(1) inserting the cartridge-type CPU into the slot of said first means;
(2) disposing said second means below the motherboard;
(3) attaching said first means and motherboard to said second means via said third means, such that weight of the cartridge-type CPU is substantially transferred to the second means with the second means being a primary carrier of weight of the cartridge-type CPU.
11. A system for attaching M cartridge-type central processor units (CPUs) to a vertically-disposed motherboard, M is a positive integer, said system comprising:
M first means, each first means being spaced to one adjacent first means by a predetermined space, and each first means having a slot for receiving one corresponding cartridge-type CPU;
second means disposed below the motherboard for fortifying strength of the motherboard;
third means for attaching each first means and said motherboard to the second means;
fourth means for transferring combined weight of each first means and said one corresponding cartridge-type CPU to said one adjacent first means.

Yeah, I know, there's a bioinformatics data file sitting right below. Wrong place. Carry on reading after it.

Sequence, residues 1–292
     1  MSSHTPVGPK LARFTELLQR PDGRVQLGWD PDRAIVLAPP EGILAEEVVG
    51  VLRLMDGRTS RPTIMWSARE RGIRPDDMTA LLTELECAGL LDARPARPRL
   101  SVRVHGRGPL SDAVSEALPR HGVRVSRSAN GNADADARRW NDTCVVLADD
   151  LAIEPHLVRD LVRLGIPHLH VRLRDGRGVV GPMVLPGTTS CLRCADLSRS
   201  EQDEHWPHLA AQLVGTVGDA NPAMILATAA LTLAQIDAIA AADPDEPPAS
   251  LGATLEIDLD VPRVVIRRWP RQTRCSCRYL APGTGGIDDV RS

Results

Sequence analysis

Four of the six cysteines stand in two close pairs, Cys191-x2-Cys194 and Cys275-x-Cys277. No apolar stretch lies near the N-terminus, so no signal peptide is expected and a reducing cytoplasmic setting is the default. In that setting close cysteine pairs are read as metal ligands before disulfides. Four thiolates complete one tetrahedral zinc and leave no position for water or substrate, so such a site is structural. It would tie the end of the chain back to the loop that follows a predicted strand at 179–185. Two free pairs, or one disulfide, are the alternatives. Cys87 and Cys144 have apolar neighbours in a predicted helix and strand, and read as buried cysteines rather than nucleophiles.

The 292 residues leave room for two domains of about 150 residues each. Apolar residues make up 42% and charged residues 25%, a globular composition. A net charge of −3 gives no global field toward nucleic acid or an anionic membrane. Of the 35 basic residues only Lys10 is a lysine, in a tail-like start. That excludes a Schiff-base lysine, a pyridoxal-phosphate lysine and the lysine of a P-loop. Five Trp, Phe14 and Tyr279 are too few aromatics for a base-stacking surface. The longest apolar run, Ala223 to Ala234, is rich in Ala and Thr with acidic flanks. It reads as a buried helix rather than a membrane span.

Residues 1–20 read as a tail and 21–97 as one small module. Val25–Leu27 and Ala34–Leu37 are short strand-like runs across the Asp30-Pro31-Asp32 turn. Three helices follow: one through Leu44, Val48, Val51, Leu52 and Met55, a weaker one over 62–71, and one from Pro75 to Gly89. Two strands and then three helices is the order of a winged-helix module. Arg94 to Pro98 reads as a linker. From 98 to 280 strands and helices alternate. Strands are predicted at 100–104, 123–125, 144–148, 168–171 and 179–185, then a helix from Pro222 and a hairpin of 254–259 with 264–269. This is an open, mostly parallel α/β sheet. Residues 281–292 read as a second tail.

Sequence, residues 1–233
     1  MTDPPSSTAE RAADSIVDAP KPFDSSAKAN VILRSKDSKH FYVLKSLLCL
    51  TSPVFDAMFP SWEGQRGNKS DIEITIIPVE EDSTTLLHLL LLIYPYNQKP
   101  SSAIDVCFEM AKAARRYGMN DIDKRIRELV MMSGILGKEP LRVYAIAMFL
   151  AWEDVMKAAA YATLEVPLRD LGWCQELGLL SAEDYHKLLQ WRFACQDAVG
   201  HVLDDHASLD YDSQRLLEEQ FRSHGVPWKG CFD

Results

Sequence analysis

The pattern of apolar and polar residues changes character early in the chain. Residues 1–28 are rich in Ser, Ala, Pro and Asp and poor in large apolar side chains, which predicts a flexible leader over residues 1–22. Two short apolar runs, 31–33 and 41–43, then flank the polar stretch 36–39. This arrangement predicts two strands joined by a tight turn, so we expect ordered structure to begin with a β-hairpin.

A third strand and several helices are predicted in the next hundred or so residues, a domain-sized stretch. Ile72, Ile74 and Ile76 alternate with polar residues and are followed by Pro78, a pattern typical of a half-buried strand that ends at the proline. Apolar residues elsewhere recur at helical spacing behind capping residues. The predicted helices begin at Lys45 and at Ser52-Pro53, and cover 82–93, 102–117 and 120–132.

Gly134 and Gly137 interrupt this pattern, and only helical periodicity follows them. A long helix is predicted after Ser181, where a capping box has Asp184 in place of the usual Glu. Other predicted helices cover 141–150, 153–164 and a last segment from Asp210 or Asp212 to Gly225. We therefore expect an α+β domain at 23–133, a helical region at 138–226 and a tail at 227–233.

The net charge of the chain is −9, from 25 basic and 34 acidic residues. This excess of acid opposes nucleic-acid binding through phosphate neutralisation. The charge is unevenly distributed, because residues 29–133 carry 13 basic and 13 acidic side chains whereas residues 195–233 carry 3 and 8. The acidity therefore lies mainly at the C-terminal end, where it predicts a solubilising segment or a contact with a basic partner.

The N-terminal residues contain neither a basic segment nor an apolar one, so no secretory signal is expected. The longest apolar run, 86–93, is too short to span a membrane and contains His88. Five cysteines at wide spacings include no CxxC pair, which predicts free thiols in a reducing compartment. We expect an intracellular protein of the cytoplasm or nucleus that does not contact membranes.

12. The system of claim 11, wherein the said first means comprises an insertion frame and a retainer, said insertion frame providing the slot and the retainer being operable to attach the cartridge-type CPU into the slot.
13. The system of claim 11, wherein said first means comprises
an insertion frame, said insertion frame providing the slot;
a set of uprooting devices for uprooting said cartridge-type CPU from said slot, each uprooting device attaching to two sides of the cartridge-type CPU via a tenon-mortise type connection;
a removable retainer for attaching the cartridge-type CPU into the insertion frame.
14. The system of claim 13, wherein said uprooting device comprises a handle, as one end of said handle is lifted, an other end of the handle moves downwards and pushes against said insertion frame resulting in an upward movement of the cartridge-type CPU.
15. The system of claim 11, wherein said second means comprises a hard and nonconducting support board, said support board has hole allowing attachment of said support board to a computer casing.
16. The system of claim 11, wherein said second means comprises
a metal support board;